Other regulatory agency actions provided helpful flexibility for both financial institutions and consumers to manage their crisis responses, such as the SEC’s delay of CAT reporting dates, the CFTC’s temporary lenience on certain fingerprint requirements and the Fed’s steps to increase the availability of intraday credit. The Fed’s additional flexibility for transfers and withdrawals from savings accounts will be helpful for consumers that need to access their accounts, but the rule does not prohibit banks from charging fees for exceeding the six transaction limit. Depending on what the bank chooses to do regarding fees, they may need to adjust their systems to prevent flagging unnecessary transaction limit exceptions.

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Mortgage servicers get some relief

On Tuesday, the Federal Housing Finance Agency (FHFA) announced that mortgage servicer obligations to advance scheduled monthly principal and interest (P&I) payments for single family mortgage loans will be limited to four months. Prior to this announcement, Fannie Mae servicers were responsible for advancing all scheduled P&I payments regardless of actual borrower payments, creating a significant liquidity burden on non-bank servicers. This announcement aligns Fannie Mae’s policies with Freddie Mac’s, which already had a four month limit on servicer advances. In addition, FHFA instructed Fannie Mae and Freddie Mac to maintain loans in forbearance due to the crisis in mortgage-backed security (MBS) pools for the duration of the forbearance plan, clarifying these loans will be treated like those affected by natural disasters. Previously, loans delinquent for over four months were purchased out of the MBS pools, requiring significant liquidity at Fannie Mae and Freddie Mac. According to the Mortgage Bankers Association, loans in forbearance increased from 2.44% on April 6 to 4.64% on April 12.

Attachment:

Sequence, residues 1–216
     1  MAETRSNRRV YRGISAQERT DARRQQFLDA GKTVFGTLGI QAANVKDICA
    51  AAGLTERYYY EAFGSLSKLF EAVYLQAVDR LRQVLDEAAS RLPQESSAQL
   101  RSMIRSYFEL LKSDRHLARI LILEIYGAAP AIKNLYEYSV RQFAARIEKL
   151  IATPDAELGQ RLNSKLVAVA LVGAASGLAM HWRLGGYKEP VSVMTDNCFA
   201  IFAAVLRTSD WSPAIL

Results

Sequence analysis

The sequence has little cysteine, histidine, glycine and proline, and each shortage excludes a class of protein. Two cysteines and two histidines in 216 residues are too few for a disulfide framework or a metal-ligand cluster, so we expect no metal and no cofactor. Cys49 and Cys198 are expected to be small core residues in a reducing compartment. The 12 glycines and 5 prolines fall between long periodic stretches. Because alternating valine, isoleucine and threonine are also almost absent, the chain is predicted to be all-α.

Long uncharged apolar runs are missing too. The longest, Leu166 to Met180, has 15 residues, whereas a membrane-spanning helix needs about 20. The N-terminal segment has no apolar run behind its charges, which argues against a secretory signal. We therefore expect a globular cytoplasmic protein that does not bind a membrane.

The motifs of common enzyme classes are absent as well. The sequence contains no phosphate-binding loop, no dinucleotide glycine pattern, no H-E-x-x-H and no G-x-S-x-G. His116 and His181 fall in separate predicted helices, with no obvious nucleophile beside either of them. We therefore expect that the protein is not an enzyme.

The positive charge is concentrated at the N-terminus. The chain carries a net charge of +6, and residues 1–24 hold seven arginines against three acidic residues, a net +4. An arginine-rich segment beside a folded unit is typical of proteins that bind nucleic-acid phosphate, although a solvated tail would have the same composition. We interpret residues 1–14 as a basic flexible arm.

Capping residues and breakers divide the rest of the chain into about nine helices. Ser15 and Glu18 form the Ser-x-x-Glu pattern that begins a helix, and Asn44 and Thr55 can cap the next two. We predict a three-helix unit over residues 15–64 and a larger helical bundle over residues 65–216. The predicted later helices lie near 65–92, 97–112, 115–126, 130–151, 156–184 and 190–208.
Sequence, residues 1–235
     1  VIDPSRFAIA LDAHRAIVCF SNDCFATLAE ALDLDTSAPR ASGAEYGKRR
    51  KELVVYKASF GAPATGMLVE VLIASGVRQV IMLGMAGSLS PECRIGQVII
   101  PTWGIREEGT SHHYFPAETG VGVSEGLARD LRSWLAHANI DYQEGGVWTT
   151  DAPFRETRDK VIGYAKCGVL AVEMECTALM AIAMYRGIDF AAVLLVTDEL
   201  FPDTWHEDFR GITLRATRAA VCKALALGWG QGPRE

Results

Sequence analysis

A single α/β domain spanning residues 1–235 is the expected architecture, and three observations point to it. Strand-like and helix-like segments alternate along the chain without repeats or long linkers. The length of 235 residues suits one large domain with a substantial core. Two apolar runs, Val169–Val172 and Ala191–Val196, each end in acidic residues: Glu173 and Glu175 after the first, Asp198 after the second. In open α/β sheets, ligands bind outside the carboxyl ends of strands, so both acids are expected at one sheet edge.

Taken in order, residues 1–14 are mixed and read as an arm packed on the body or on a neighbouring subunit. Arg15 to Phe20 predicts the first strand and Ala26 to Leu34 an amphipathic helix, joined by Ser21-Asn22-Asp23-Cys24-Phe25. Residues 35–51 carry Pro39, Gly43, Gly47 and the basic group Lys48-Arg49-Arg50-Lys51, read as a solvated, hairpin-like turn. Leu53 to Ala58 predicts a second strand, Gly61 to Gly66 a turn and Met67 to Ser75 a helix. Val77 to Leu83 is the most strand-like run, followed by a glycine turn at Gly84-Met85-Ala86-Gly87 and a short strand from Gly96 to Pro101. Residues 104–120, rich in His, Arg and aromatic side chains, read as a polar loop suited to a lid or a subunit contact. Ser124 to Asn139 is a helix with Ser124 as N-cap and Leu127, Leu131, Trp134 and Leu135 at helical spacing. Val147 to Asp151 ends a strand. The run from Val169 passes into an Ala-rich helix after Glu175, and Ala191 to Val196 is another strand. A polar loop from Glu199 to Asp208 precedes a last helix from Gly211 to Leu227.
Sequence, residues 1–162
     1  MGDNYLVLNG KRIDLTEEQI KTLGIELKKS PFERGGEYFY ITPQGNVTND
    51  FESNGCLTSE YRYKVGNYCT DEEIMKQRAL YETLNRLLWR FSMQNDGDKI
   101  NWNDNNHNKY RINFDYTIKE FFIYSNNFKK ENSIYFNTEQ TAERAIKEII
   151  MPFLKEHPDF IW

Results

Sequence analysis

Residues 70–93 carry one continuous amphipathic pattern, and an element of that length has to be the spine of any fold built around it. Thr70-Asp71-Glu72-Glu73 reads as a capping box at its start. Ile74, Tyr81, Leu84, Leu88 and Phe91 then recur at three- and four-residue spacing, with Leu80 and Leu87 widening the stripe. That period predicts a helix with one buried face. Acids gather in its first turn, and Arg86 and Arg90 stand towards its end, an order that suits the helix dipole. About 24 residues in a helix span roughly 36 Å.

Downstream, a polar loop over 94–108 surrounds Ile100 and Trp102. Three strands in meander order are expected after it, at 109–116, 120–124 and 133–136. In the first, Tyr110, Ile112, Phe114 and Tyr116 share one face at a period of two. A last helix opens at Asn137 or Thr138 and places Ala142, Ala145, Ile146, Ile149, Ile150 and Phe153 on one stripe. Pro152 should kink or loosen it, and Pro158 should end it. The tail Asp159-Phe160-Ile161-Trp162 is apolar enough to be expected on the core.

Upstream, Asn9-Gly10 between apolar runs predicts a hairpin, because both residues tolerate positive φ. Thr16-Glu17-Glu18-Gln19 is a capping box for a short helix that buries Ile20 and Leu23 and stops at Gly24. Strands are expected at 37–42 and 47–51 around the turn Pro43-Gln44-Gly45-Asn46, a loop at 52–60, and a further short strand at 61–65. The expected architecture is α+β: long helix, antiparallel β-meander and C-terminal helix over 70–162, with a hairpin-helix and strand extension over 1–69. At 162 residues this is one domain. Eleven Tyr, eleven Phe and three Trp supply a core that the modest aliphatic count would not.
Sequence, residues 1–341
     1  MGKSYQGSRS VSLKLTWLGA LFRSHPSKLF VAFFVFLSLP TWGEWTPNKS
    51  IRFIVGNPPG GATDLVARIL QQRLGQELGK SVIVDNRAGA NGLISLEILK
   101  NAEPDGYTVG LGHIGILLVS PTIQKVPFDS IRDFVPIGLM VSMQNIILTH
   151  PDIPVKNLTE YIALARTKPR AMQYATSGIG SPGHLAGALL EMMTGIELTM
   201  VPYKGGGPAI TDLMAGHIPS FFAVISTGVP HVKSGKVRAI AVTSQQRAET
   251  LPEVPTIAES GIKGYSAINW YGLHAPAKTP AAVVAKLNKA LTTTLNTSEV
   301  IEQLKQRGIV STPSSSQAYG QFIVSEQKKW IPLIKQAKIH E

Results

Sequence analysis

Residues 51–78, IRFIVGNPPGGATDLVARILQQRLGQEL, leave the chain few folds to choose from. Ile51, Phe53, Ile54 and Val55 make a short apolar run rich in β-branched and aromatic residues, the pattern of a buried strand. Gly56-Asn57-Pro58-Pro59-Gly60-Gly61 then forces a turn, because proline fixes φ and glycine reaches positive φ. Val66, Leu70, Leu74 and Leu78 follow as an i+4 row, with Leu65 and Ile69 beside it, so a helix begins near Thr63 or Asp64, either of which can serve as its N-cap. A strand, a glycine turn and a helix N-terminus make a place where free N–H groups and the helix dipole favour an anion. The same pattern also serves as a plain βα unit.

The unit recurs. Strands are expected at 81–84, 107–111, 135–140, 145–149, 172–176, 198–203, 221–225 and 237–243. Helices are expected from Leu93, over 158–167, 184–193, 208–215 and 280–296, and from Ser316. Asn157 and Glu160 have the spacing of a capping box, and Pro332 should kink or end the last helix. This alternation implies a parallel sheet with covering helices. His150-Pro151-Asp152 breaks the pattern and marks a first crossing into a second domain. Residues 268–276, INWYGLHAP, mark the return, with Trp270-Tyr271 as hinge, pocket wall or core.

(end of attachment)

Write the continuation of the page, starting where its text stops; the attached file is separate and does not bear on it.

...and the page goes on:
FHFA also announced on Wednesday that Fannie Mae and Freddie Mac will purchase single-family mortgages in forbearance plans that meet eligibility criteria for a limited period of time, lifting their prior restriction on purchasing such loans. The announcement also notes that the loans will be priced to mitigate their heightened credit risk.

Our take

This is a positive step in addressing concerns from mortgage servicers about the level and variability of liquidity requirements while borrowers seek forbearance of six (with an extension up to twelve) months under the CARES Act. However, these announcements did not address two important liquidity-related challenges. First, servicers are still required to advance funds for borrowers’ tax and insurance payments during the entire forbearance period. Second, despite intense mortgage industry and bipartisan congressional lobbying, no funding for mortgage servicer advances (primarily for non-bank servicers) has been announced. We expect more lobbying on behalf of mortgage servicers as Congress and the agencies consider further relief measures, particularly as the mortgage market is likely to continue to experience significant dislocations.

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On our radar

These notable developments hit our radar this week:

  1. SEC proposes fund valuation practices rule. On Tuesday, the SEC proposed a rule that would establish a framework for fund valuation practices. The proposal is intended to address the role of the Board with respect to the fair value of investments, specifically providing requirements around determining fair value, risk management and delegation to investment advisors.
  2. LIBOR Transition - ARRC publishes objectives for 2020. Last Friday the Alternative Reference Rates Committee (ARRC) published a set of key objectives for 2020, outlining target dates for the publication of additional guidance and recommendations to facilitate the transition from LIBOR to alternative reference rates. In the coming weeks, the ARRC is also expecting to release recommended best practices, which we expect to include additional industry milestones and target dates, such as the recommended timing for cessation of new issuances tied to USD LIBOR for different products. 

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Contact us

Julien Courbe

Financial Services Leader, PwC US